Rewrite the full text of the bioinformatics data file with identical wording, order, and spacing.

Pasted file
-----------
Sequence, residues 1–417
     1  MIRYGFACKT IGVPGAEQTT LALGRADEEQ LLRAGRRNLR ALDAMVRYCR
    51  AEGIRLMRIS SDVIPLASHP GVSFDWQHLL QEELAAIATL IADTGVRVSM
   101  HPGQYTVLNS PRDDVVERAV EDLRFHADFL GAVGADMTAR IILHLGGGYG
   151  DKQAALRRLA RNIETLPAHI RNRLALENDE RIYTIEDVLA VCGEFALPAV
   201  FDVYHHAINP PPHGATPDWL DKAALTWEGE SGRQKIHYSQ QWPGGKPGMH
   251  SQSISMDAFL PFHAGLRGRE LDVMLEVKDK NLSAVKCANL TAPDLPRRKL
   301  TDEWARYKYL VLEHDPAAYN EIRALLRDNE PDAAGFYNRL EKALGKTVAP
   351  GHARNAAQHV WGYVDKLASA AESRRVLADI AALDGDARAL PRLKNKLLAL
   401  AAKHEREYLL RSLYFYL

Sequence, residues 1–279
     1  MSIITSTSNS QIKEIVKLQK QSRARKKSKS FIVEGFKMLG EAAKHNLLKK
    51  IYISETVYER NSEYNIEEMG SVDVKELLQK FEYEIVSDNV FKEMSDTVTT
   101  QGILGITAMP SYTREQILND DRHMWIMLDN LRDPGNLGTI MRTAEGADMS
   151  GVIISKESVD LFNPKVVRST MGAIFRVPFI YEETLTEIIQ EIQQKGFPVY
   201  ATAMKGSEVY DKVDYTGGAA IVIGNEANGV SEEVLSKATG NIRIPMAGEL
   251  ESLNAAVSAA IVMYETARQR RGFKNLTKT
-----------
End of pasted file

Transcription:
Sequence, residues 1–417
     1  MIRYGFACKT IGVPGAEQTT LALGRADEEQ LLRAGRRNLR ALDAMVRYCR
    51  AEGIRLMRIS SDVIPLASHP GVSFDWQHLL QEELAAIATL IADTGVRVSM
   101  HPGQYTVLNS PRDDVVERAV EDLRFHADFL GAVGADMTAR IILHLGGGYG
   151  DKQAALRRLA RNIETLPAHI RNRLALENDE RIYTIEDVLA VCGEFALPAV
   201  FDVYHHAINP PPHGATPDWL DKAALTWEGE SGRQKIHYSQ QWPGGKPGMH
   251  SQSISMDAFL PFHAGLRGRE LDVMLEVKDK NLSAVKCANL TAPDLPRRKL
   301  TDEWARYKYL VLEHDPAAYN EIRALLRDNE PDAAGFYNRL EKALGKTVAP
   351  GHARNAAQHV WGYVDKLASA AESRRVLADI AALDGDARAL PRLKNKLLAL
   401  AAKHEREYLL RSLYFYL

Sequence, residues 1–279
     1  MSIITSTSNS QIKEIVKLQK QSRARKKSKS FIVEGFKMLG EAAKHNLLKK
    51  IYISETVYER NSEYNIEEMG SVDVKELLQK FEYEIVSDNV FKEMSDTVTT
   101  QGILGITAMP SYTREQILND DRHMWIMLDN LRDPGNLGTI MRTAEGADMS
   151  GVIISKESVD LFNPKVVRST MGAIFRVPFI YEETLTEIIQ EIQQKGFPVY
   201  ATAMKGSEVY DKVDYTGGAA IVIGNEANGV SEEVLSKATG NIRIPMAGEL
   251  ESLNAAVSAA IVMYETARQR RGFKNLTKT